NEW YORK (
) -- The consumer credit space is rapidly evolving, with all major players working to grow their international business and also jump on the mobile payments bandwagon.
KBW analyst Sanjay Sakhrani rates
(EBAY - Get Report)
-- whose PayPal subsidiary in August signed a landmark deal with card lender and payment processor
Discover Financial Services
(DFS - Get Report)
-- and eight other companies "Outperform," and on Friday said that third-quarter "earnings season looks to be solid for the companies within our coverage universe," as "operating indicators such as credit quality and volume trends still remain relatively positive and resilient."
Sakhrani said that KBW continues "to maintain an overweight bias in our ratings for most companies we follow in the sector," because of the good operating climate and because "valuations remain attractive relative to other financials."
With several of the stocks seeing very strong price performance, investor fears of a 2013 recession with the "
" looming, continued uncertainty in Europe and slowing growth in China, it's not unreasonable to expect a fourth-quarter dip for some of these names, but Sakhrani said that "industry growth trends and current portfolio dynamics of card issuers (i.e., cleaner and stronger core group of customers following the recession and better cardholder payment behavior) help to lessen any potential impact" of an economic slowdown.
"In terms of the potential effects of a Fiscal Cliff specifically," he said that "the associated implications (i.e., higher tax rate and dividend tax rate, etc.) are less of an impact for the cards/payments space (with possibly the exception of [<b>American Express </b> <span class=" TICKERFLAT">(<a href="/quote/AXP.html">AXP</a> - <a href="http://secure2.thestreet.com/cap/prm.do?OID=028198&ticker=AXP">Get Report</a><a class=" arrow" href="/quote/AXP.html"><span class=" tickerChange" id="story_AXP"></span></a>)</span>]) given these changes mainly effect the higher income side of the consumer demographic and the companies are generally not high-dividend-yielding stocks to begin with as share repurchases are the preferred avenue of returning capital to shareholders."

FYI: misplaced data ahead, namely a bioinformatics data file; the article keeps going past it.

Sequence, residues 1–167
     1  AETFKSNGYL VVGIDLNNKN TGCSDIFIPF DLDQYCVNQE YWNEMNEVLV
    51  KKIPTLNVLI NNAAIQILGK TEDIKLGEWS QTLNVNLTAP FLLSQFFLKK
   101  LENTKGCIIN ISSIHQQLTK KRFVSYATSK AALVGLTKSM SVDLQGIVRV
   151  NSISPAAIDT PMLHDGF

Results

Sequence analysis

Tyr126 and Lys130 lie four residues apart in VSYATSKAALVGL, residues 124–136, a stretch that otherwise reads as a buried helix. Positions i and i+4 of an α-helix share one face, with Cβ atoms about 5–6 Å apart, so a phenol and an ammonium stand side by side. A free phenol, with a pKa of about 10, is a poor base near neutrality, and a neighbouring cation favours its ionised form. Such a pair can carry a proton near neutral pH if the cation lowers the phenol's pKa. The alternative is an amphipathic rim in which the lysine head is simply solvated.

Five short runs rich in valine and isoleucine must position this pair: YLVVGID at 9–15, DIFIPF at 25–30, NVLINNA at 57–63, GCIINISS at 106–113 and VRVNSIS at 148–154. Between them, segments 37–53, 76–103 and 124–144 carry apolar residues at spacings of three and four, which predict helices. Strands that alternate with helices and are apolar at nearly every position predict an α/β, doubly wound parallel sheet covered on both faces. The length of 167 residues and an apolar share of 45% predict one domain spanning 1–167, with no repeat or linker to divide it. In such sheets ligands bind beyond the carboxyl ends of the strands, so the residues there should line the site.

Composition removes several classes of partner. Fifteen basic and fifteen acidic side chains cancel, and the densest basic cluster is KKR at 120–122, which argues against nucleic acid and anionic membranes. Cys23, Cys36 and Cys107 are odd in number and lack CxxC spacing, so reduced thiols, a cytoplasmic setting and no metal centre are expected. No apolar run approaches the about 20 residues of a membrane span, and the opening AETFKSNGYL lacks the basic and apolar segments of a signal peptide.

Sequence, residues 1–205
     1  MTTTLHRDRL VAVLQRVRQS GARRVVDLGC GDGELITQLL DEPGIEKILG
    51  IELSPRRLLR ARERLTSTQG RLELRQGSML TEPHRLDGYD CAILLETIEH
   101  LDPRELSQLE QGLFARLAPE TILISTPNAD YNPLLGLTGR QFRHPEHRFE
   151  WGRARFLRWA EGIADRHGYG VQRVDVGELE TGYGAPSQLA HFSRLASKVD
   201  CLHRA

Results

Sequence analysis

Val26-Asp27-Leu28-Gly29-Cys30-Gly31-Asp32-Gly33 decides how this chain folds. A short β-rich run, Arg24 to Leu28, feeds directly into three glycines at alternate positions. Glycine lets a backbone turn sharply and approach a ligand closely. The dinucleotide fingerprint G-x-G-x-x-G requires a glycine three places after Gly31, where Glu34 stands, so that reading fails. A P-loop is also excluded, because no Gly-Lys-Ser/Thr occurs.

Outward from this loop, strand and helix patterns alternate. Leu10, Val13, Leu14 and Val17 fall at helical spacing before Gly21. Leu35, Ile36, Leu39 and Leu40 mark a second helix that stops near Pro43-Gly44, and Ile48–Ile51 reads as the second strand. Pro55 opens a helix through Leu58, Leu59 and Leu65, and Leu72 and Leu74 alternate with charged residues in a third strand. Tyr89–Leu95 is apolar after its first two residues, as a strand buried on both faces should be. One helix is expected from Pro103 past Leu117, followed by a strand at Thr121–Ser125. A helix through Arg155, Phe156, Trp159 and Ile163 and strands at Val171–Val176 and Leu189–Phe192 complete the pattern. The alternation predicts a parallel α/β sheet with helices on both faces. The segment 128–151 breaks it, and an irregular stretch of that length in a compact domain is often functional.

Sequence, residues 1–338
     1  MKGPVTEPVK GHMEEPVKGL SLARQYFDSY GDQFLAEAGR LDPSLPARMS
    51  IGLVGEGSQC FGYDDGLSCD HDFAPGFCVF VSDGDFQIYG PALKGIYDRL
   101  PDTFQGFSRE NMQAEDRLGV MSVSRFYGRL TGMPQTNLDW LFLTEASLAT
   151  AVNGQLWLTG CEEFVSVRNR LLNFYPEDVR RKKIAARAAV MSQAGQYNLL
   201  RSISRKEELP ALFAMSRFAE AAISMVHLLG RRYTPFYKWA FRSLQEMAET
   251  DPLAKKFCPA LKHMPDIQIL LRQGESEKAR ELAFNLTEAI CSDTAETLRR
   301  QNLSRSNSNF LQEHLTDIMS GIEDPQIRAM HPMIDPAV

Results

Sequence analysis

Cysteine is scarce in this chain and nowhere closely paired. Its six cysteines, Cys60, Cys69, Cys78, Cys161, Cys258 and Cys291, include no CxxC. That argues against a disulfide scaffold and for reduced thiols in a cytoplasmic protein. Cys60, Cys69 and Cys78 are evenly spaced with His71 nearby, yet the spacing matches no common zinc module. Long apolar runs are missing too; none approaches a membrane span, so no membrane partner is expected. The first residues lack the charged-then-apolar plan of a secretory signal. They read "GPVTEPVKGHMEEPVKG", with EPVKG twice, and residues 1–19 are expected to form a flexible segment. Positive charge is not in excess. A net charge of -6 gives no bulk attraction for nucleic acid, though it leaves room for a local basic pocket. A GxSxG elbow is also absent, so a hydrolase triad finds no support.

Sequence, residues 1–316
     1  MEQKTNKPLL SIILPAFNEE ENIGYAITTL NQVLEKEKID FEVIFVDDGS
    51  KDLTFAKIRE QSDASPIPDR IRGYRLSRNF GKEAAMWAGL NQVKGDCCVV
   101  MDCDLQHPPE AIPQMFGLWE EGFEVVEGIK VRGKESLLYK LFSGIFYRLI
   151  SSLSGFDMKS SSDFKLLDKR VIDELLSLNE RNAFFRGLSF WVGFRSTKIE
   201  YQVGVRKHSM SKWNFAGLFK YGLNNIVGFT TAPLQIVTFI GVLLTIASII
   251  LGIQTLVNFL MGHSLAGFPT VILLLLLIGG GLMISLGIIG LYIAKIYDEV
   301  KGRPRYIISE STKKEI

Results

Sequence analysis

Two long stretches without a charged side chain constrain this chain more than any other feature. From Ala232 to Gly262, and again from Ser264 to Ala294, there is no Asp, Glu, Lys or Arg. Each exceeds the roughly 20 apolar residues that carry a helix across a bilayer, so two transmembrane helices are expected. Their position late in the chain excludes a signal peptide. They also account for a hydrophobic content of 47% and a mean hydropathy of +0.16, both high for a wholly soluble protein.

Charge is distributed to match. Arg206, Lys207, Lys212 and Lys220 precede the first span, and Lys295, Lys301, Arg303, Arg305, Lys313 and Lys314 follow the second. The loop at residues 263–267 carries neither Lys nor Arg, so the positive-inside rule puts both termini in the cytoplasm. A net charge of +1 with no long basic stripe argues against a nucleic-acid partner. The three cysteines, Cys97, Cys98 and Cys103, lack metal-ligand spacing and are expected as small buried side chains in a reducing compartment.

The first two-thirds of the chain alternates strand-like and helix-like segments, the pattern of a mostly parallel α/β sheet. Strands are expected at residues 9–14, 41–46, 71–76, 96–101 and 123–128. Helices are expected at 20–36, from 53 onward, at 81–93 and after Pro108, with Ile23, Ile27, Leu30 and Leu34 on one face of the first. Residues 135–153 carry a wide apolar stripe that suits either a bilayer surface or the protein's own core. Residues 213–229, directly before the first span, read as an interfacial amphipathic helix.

In the aftermath of the credit crisis, investors with short-term horizons have been tempted -- and in some cases made a lot of money, if their timing was right -- by heavily discounted banking names, including
Bank of America
(BAC - Get Report)
, whose shares were trading for roughly half their book value at the beginning of 2012, and now trade for roughly 0.7 times tangible book value, despite rising 62% through Thursday's close at $8.97.
But Bank of America still faces major uncertainty, with mortgage putback demands rising 41% during the second quarter alone, to $22.7 billion, as of June 30, and although it is profitable, the company's earnings are relatively week, with an operating return on average assets (ROA) of just 0.52% for the 12-month period ended June 30, and a return on average equity (ROA) of 4.84%.
In another development related to the company's two large acquisitions in 2008, Bank of America on Friday announced a $2.43 billion
of a class action lawsuit related to its purchase of Merrill Lynch.
While the consumer finance plays trade at much higher multiples to book value -- and to earnings estimates, for that matter -- you get what you pay for, and names like Discover and American Express consistently achieve ROE well in excess of 20%.
The following are the nine consumer finance companies rated "Outperform" by Sakhrani, with third-quarter earnings previews or commentary on Discover, which has already reported its fiscal 2013 results. The names are sorted by ascending upside potential implied by KBW's price targets: